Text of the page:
It Should Not Be A ChoiceYesterday, I took a look into RadioShack (RSH), a stock that pays a 12% dividend yield. That is great and I can understand how someone trying to build a high yield portfolio would be tempted to buy. A 12% dividend yield would certainly help to lift the overall yield of a portfolio.
It’s Not Just About YieldThe problem of course is that if you are receiving a dividend of $0.25 per share but the stock loses $0.40 in value during that same period of time, I think it’s fair to say that you do not have a winning trade. Stocks like RSH or FTR (which was at the top of the top S&P500 dividend stocks earlier this month) are attractive on the surface but I personally believe in buying stocks thaat have a stable or ideally growing underlying business.
Back To The Sustainable Dividend Portfolio ConceptIn the end, it’s about buying stocks that will be able to afford their current dividends and hopefully even increase their payouts over time. I understand how some investors have a focus on a higher current income. That is perfectly fine. I had discussed the difference between the current USDP and a higher yield one that would help someone that needs or wants a high yield. In both cases though, I’m always looking for high quality companies that are paying less than they are making and will be able to provide in the long term, companies like Pepsi (PEP), Aflac (AFL) and others.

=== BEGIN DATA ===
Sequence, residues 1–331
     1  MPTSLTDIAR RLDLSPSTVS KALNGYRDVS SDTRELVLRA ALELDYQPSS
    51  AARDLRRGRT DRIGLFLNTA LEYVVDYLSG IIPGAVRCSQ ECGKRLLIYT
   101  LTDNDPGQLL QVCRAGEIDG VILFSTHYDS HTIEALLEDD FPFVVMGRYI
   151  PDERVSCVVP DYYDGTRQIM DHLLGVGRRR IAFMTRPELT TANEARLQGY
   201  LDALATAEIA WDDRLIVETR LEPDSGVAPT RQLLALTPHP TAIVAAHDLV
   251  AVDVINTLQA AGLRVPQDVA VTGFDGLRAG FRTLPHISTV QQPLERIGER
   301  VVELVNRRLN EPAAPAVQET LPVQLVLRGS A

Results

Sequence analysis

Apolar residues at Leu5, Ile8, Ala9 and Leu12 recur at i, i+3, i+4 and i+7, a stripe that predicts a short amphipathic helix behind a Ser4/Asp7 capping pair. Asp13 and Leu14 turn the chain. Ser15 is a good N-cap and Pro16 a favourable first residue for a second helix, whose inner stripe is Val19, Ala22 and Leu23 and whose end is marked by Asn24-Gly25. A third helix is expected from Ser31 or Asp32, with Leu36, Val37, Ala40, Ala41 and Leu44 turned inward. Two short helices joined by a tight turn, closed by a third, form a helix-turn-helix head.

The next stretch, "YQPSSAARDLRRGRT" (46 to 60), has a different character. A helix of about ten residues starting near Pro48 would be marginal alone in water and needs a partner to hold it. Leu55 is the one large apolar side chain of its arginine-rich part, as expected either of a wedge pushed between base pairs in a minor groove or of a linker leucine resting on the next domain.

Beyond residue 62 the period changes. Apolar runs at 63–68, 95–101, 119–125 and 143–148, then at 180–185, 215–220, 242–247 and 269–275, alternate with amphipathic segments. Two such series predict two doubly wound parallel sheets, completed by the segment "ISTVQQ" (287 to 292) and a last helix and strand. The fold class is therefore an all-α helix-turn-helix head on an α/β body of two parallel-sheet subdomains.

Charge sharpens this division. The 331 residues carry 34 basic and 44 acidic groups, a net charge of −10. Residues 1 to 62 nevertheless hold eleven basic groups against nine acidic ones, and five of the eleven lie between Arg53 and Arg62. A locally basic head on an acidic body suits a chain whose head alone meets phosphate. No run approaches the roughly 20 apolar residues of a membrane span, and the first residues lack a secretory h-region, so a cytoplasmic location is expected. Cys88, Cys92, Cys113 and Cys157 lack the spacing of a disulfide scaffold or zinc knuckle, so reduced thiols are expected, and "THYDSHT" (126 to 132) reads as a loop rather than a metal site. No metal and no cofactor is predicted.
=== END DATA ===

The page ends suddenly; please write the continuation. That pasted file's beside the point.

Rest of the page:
There Is A DrawbackOf course, any company that pays out a dividend will usually see slower price growth. Part of it is because it is paying back some of its earnings instead of keeping it in its cash or reinvesting it. The other part is that in general, companies that pay out dividends are seen as companies that have less growth left. Part of it is a perception but there is some truth to it as well. However if you think about a company such as Intel Corporation (INTC), you will see that the company is not only paying out a decent dividend but has seen its stock price increase in the past few years.
What are your thoughts on this?